The Queen, who turned 96 on Thursday, has been struggling with mobility issues and uses a walking stick on public outings. Longer engagements, like the Duke of Edinburgh’s service of thanksgiving, must be meticulously planned to reduce the amount of time Her Majesty spends on her feet.  

By next year’s Trooping the Colour, which will take place two months after the Queen’s 97th birthday, there is a chance the task of standing on the balcony to watch the fly past would prove to much of a physical strain for Her Majesty. 

Prince Charles has also made clear his desire to debut a ‘slimmed down’ monarchy once he ascends the throne. It could mean that in future Trooping the Colour will only be attended by the monarch and their line of descendants – the Cambridges – rather than the big family gathering it is today. 

The Queen’s frailty means she won’t be able to attend every Jubilee celebration on the schedule. However she is hoping to watch Trooping the Colour then appear on the balcony with her family. 

Typically, the Queen is joined by her children, grandchildren, great-grandchildren, as well as more distant relatives like her niece, nephew and cousins. 

She has extended the invitation to the Duke and Duchess of Sussex, who she saw together for the first time in more than two years when they stopped off at Windsor Castle last week on their way to the Netherlands for the Invictus Games. 

Harry, 37, and Meghan, 40, would attend in an informal role, following their decision to step down as working members of the Royal Family. 

‘The moment will be particularly poignant as it will likely mark the last big family balcony appearance of her reign,’ the Daily Telegraph reported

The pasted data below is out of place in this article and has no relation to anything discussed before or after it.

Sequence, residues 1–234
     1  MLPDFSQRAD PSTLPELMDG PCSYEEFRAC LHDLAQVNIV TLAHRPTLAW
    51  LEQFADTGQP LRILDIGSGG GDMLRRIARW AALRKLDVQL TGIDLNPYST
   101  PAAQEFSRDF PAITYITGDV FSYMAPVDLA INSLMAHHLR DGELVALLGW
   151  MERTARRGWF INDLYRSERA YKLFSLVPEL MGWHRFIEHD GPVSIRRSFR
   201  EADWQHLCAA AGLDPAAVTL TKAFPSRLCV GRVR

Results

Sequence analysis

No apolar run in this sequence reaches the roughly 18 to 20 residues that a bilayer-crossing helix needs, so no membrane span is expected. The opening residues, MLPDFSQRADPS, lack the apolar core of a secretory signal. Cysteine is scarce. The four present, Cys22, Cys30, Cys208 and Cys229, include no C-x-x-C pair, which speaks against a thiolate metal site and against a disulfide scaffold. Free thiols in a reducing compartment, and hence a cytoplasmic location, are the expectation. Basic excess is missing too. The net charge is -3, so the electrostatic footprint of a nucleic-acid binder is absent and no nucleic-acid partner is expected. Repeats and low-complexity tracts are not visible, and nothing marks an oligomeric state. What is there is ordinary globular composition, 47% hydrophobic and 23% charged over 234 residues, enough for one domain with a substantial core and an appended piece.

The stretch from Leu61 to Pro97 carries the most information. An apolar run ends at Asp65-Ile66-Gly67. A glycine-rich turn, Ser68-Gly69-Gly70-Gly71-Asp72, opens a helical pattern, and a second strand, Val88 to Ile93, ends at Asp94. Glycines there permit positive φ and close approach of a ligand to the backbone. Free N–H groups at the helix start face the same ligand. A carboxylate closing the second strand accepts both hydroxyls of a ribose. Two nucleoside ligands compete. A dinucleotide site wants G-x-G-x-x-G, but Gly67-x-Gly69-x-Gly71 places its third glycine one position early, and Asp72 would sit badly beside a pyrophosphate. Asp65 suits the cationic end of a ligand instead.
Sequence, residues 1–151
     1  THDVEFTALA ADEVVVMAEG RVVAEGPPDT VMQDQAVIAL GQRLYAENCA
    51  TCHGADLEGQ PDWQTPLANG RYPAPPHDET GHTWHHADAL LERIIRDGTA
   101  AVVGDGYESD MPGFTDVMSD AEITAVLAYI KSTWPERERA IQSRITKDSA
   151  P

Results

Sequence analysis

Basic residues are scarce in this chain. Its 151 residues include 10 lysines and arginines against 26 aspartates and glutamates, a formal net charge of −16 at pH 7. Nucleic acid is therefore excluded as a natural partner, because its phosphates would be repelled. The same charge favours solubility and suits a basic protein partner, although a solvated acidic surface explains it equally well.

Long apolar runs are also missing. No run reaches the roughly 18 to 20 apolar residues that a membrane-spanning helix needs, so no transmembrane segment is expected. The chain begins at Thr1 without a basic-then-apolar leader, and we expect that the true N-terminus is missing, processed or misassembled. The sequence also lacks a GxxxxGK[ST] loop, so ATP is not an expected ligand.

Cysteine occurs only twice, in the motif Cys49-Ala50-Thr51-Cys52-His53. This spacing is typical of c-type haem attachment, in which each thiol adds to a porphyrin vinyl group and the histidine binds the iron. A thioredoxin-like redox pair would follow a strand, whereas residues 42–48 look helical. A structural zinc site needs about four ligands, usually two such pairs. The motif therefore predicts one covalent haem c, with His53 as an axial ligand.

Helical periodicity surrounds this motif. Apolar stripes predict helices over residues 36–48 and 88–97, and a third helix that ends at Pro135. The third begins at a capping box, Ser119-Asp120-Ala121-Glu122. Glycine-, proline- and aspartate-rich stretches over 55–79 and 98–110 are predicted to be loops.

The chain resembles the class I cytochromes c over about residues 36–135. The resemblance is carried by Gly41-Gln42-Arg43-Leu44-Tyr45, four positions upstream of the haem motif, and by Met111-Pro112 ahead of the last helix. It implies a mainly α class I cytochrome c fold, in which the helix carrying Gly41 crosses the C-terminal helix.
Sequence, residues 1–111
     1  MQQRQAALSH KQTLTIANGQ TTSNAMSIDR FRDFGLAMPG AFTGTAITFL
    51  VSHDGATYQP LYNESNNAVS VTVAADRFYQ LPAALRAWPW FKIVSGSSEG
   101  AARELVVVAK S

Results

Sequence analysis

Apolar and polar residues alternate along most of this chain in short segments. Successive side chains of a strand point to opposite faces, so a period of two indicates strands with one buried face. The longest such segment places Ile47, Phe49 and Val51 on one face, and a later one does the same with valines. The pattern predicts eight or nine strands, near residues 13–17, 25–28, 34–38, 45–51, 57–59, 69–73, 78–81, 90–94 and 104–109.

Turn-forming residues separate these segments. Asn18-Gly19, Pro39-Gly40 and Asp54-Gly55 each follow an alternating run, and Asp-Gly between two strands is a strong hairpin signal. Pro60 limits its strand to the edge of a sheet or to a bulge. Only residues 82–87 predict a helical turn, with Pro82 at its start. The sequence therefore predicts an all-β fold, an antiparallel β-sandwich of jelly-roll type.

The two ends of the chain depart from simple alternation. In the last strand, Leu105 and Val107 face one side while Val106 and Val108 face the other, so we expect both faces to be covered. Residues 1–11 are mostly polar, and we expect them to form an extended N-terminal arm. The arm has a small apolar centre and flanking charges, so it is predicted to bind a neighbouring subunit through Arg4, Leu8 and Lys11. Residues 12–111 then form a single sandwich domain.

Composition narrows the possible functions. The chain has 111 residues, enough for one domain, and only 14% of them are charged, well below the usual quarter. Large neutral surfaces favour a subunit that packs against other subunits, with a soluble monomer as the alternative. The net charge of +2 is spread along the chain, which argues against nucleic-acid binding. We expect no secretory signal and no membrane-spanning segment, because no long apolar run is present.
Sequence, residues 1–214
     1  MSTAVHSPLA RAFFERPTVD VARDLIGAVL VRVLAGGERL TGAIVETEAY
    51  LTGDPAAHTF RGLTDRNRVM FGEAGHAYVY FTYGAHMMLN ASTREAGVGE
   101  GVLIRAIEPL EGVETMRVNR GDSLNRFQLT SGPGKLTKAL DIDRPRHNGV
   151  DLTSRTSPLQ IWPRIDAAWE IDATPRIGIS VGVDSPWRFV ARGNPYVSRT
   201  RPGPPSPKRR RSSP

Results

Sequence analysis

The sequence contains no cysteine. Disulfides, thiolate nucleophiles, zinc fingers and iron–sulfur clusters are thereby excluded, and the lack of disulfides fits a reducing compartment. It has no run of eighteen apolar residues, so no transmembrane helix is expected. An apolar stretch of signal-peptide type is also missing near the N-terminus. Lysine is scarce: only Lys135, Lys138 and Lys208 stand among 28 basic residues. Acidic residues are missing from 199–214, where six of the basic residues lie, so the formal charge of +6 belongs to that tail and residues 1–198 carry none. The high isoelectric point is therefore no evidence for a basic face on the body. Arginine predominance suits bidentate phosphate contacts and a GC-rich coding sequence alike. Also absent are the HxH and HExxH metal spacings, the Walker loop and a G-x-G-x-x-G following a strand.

Harry and Meghan reportedly promised the Queen that she will get to hug her great-grandchildren Archie and Lilibet ‘in the near future’ when they met her at Windsor Castle last week, before continuing to The Hague for the Invictus Games.

However, sources warned that the Sussexes’ attendance will have to be carefully managed, and will involve a ‘leap of faith’ from all sides after the couple made a string of damaging claims, including bombshell allegations of racism against an unnamed senior royal made in their Oprah tell-all last year, since they quit royal life and moved to Montecito. 

Harry would also have to backtrack amid a row over his security, after he launched legal action against the Home Office, alleging that he didn’t feel safe bringing his family to the UK following the Government’s decision not to provide them with police protection.

A spokesperson for the Sussexes told the Daily Telegraph on Monday that they were not in a position to discuss future travel plans.

The Queen is determined to attend as many events as possible over her four-day Platinum Jubilee weekend, although her mobility issues mean she will not be as prominent as she once would have been.